You are getting ready to paint a home you know you will sell within a couple of years. Chances are, a helpful family member or friend reminds you that to sell, everything should be painted white. After all, a buyer needs a neutral “clean slate” to look at.
Just the thought of all those white walls and ceilings gives you the feeling of a fog machine at a rock concert, so what do you do? There are several options other than white or off-whites to give a room a neutral look. In fact, many times a little color is better than white.
Here’s why: White is not white is not white, meaning that there are dozens of variations on white that can make or break the look of your walls. Some whites reflect light more warmly or coolly than others do. If you choose the wrong white, your home will seem harsh and stark rather than warm and inviting. White also reveals flaws and cracks in drywall, shows up patches and nail holes and shows dust and dirt more easily than other neutral colors.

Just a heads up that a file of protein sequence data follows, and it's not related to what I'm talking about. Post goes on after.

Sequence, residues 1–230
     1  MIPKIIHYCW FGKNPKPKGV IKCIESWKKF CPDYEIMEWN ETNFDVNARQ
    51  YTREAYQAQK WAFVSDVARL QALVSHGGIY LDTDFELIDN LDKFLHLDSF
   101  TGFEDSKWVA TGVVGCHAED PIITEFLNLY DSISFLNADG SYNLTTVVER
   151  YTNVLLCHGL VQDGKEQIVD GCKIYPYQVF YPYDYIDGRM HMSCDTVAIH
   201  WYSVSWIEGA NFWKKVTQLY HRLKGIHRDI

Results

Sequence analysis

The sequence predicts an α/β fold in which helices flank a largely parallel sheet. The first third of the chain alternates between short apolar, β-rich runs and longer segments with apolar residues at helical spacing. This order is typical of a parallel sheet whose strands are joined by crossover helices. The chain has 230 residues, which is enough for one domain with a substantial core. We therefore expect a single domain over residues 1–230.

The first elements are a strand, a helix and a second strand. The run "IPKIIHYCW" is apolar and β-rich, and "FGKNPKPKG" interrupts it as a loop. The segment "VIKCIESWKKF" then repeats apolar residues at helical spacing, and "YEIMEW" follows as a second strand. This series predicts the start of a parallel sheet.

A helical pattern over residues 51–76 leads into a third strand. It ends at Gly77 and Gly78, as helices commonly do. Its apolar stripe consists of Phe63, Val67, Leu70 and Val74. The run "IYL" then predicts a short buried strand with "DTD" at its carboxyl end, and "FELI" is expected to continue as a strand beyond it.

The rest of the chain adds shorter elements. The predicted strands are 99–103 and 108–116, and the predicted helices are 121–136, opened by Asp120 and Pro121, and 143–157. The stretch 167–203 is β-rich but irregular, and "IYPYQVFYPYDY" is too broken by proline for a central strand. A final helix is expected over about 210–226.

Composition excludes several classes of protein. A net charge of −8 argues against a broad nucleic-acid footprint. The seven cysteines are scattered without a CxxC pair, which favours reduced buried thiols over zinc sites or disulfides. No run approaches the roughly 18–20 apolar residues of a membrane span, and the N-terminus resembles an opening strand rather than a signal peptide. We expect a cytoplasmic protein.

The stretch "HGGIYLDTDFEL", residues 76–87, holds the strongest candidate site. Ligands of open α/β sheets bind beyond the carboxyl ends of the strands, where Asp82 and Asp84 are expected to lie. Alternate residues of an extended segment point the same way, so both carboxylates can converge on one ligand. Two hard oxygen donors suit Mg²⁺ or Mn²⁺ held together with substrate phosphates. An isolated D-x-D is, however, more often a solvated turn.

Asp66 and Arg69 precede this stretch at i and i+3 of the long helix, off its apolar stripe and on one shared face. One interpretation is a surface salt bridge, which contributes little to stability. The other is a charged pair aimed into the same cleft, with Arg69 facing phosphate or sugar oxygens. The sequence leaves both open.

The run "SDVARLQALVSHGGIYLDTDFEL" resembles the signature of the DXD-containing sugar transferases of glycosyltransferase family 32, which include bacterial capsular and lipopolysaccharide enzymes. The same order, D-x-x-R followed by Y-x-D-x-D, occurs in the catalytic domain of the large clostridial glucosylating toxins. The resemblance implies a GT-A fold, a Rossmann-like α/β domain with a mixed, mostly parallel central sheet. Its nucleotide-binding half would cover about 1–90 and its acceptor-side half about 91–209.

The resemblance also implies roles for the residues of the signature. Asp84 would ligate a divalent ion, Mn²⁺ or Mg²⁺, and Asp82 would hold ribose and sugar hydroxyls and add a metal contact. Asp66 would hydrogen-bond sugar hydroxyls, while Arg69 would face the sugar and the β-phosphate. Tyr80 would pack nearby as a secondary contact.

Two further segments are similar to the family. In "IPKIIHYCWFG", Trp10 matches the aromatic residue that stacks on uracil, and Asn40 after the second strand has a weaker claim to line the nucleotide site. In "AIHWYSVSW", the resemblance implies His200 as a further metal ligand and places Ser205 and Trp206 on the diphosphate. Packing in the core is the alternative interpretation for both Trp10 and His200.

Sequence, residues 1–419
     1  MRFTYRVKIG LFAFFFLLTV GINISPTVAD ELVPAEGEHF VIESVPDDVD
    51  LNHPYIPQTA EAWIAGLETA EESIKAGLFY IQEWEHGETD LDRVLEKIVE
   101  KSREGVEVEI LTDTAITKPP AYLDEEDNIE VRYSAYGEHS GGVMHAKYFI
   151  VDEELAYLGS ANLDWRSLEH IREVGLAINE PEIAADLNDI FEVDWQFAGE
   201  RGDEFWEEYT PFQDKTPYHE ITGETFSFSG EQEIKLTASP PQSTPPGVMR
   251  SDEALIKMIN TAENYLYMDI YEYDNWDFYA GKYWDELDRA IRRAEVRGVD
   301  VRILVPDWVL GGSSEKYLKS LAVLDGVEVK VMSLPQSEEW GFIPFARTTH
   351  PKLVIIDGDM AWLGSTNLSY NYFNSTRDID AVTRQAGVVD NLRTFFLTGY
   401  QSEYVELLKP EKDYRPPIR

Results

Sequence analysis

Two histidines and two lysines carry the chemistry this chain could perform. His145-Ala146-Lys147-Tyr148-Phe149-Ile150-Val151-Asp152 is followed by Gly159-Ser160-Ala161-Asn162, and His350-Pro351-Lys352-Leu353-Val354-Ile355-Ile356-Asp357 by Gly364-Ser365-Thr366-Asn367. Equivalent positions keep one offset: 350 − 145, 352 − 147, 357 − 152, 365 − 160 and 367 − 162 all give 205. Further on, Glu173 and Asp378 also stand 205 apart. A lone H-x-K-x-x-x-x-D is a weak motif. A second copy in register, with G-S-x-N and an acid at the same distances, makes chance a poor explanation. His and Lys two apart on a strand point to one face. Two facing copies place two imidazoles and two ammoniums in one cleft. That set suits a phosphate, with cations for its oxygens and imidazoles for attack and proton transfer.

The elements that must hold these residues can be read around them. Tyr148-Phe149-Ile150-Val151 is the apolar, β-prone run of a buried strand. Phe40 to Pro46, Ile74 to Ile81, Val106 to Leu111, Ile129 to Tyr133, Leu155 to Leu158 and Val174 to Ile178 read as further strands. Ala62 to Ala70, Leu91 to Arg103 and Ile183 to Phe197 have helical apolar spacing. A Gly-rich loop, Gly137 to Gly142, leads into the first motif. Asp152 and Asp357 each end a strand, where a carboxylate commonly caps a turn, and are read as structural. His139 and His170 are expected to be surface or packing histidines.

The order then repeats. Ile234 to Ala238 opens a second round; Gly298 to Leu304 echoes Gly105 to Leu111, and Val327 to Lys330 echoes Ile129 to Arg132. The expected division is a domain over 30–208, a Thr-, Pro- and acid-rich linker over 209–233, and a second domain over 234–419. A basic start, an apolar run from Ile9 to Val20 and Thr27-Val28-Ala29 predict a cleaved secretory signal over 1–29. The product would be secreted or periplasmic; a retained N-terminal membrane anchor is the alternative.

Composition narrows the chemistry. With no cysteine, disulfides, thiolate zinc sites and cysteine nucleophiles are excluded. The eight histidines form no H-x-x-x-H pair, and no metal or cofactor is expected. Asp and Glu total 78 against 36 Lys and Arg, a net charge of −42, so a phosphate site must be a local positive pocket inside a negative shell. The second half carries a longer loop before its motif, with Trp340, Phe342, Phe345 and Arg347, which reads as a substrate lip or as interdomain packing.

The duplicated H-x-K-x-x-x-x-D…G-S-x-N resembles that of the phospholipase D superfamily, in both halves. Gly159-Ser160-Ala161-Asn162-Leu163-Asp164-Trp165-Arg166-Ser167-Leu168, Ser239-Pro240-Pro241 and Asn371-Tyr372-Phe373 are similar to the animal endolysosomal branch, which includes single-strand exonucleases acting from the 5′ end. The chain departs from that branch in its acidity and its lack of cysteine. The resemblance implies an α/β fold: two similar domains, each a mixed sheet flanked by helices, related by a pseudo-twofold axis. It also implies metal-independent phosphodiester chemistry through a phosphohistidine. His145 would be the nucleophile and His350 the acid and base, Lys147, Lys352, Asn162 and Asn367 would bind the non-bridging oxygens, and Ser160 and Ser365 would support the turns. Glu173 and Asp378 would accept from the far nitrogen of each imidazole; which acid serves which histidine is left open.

In addition to that, a 2004 survey conducted across seventeen countries revealed what white is the world’s least favorite color.
So, which colors should you use? Nature inspired neutrals include soft earth tones such as some warm reds, tans and browns, greens, and other muted tones. Coffee colors, ranging from light latte to deep mocha or espresso, are both popular and excellent complements to hardwood flooring and tile.
The same survey that put white at the least favorite, shows blue is the most popular color in the world. So, adding a pale sky blue can soften a stark room. Blue also lends a hint of sophistication and evokes feelings of summer days spent at the beach.
Similarly, sage and mossy greens add a hint of a cool forest and gives walls a calm, soothing and stress-free quality.
One way to give your home depth and dimension is to use various shades of the same color— deeper in an alcove, lighter or darker on the ceilings. Contrasting colors enhance a large room, but might break up a small room, so consider painting the trim just a shade darker than the walls instead. Use a deeper shade or complementary color to highlight a particular architectural feature, or alternate warm and cool colors to make a room appear longer or wider. Using a color similar to the view outside the window can bring the outside into your home and perceptually enlarge your space.